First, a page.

* Over 50 per cent of the demand was met by US$1.3 billion in imports mainly from China, Thailand, France, the European Union, the United States, South Korea and Japan.
* The 2015 Global Economic Summit reported that Malaysia is among the countries with highest Muslim consumers’ expenditure with US$2.6 billion, indicating a huge potential for halal products including cosmetics.
* There are 210 cosmetic manufacturers in Malaysia that conform to the Good Manufacturing Practices requirement in accordance to the Asean Guidelines for Cosmetics.
Source: Asia Personal Care and Cosmetics Market Guide 2016 and Opinion: Malaysia cosmetics brands’ huge potential by Nur Suhaili Ramli, writer/global brands researcher at University of York, UK.
Top 15 local cosmetics
brands on Instagram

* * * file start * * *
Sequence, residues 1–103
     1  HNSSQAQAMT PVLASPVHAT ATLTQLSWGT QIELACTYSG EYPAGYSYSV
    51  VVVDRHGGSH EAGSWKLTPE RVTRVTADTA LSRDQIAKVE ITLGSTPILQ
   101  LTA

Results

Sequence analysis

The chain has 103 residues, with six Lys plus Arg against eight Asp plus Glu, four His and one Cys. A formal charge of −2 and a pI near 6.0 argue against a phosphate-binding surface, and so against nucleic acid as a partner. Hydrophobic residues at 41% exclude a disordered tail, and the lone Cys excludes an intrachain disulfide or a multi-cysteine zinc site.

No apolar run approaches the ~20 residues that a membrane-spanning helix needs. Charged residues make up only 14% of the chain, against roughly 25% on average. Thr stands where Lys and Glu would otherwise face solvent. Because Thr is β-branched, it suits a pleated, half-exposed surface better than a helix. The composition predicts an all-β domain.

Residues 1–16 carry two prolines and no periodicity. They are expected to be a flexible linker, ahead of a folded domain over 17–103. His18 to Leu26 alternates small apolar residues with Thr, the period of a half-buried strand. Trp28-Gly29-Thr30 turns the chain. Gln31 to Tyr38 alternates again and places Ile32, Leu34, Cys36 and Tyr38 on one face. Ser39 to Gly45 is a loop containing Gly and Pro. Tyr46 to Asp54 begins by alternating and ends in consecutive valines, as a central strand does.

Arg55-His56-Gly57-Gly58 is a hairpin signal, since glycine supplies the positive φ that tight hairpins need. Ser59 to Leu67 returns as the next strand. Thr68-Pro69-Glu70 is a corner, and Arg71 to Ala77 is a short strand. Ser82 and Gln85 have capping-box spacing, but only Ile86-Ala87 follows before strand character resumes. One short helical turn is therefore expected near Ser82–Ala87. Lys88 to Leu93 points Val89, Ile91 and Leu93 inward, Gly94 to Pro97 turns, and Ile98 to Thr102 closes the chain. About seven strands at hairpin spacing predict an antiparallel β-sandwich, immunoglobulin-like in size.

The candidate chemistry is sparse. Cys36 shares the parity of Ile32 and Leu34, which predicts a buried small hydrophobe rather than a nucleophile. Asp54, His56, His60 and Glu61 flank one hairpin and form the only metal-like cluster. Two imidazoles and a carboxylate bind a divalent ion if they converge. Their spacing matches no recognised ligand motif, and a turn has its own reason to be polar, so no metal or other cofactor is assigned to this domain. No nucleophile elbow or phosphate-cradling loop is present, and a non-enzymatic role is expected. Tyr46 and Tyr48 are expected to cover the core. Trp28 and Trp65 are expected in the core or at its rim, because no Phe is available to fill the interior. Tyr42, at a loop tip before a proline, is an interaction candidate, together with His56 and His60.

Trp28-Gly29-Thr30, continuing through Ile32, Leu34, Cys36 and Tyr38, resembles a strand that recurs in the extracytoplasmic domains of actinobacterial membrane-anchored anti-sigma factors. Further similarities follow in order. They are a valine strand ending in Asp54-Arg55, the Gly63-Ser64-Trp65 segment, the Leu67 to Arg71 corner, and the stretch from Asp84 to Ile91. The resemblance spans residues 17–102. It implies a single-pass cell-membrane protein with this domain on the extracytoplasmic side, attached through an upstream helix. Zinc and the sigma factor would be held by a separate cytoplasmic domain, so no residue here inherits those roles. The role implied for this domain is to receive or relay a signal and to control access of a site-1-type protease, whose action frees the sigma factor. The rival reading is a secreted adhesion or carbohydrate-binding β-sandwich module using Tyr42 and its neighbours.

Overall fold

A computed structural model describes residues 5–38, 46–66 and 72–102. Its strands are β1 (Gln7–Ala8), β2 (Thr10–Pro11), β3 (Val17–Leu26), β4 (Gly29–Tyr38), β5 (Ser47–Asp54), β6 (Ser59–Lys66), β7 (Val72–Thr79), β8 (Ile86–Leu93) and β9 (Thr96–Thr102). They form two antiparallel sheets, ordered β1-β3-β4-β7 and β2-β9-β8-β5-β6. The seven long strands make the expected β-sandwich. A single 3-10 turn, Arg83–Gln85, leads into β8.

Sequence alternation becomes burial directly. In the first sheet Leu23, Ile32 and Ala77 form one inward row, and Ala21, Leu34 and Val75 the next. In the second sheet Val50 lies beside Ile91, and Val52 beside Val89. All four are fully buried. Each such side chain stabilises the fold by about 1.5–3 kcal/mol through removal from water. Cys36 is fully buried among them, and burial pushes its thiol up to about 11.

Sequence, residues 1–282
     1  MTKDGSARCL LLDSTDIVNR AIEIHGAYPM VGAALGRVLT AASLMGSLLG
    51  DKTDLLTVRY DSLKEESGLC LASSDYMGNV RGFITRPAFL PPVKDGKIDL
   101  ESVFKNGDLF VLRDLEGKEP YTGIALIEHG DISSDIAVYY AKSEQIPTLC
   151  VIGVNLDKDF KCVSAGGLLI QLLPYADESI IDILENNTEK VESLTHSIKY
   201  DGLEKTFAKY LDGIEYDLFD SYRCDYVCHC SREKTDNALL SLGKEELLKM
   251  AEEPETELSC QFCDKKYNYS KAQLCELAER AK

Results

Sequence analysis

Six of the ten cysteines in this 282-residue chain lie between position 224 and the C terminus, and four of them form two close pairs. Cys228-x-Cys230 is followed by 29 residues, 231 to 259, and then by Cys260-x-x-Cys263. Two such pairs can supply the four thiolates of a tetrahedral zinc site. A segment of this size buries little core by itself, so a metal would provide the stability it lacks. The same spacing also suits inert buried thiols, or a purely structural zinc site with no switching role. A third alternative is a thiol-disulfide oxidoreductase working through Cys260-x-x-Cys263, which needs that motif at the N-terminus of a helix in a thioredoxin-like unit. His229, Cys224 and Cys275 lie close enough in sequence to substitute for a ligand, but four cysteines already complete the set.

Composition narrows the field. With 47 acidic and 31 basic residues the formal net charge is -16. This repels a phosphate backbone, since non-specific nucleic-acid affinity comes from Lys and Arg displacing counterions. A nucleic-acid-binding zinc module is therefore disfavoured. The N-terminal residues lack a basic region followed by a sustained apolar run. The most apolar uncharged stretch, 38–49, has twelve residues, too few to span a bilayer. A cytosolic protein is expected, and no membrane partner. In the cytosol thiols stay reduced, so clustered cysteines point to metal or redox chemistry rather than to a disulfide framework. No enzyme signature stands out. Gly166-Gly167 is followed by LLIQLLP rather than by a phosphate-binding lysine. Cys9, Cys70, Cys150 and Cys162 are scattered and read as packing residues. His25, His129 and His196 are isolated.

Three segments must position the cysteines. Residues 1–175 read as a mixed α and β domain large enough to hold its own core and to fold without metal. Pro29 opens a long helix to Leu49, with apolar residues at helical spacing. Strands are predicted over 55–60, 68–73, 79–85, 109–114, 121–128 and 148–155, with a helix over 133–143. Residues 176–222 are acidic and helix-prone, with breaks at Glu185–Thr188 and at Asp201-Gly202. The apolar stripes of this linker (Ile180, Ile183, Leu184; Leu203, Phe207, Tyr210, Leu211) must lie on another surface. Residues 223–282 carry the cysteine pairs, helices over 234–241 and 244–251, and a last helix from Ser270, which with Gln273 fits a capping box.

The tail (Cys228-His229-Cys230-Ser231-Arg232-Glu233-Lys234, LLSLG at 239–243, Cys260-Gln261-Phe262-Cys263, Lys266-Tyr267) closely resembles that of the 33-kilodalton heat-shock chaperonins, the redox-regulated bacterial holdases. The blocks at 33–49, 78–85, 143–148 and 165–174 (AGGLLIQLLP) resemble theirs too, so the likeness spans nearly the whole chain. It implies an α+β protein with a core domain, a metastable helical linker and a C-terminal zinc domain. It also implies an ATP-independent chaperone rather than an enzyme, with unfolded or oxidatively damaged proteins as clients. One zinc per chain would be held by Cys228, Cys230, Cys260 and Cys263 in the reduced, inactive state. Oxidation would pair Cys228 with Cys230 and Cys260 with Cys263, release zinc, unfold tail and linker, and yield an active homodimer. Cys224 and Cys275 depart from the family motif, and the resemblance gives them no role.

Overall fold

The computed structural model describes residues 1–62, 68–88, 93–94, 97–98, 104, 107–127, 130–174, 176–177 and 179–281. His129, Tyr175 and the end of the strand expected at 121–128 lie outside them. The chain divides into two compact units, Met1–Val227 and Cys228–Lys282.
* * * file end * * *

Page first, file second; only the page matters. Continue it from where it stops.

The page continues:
1- Zawara(@zawara) Followers: 316,000
2- Sugarbelle Cosmetic (@sugarbellecosmetic) Followers: 123,000
3- SimplySiti(@officialsimplysiti) Followers: 117,000
4- Fame Cosmetics (@fame.cosmetics) Followers: 78,500
5- Breena Beauty (@breenabeauty) Followers: 43,900
6- DIDA For Women (@didaforwomen) Followers: 34,800
7- Velvet Vanity (@shopvelvetvanity) Followers: 30,800
8- OhMostWanted Cosmeceuticals (@ohmostwantedlook) Followers: 29,500
9- Zhuco Cosmetics (@zhucocosmetics) Followers: 22,700
10- Stage Cosmetics (@stagecosmetics) Followers: 19,700
11- Nita Cosmetics (@nita.cosmetics) Followers: 18,300
12- Can Can’s Beauty (@cancansbeauty) Followers: 16,300
13- Chique Cosmetics (@chiquecosmetic) Followers: 15,200
14- So.Lek (@so.lek) Followers: 11,300
15- Ruby dan Roses (@rubydanroses) Followers: 6,195
Is your make-up safe?
BESIDES keeping abreast with what’s hot and what’s not in the make-up department, it is always wise to read labels and be aware of the ingredients in the products you use.
According to the National Pharmaceutical Regulatory Agency, consumers should avoid using cosmetic products adulterated with hydroquinone, tretinoin or mercury, among others.
For more information, visit the National Pharmaceutical Regulatory Agency (also known as National Pharmaceutical Control Bureau) website at www.npra.moh.gov.my or email firstname.lastname@example.org or call 03-78835400.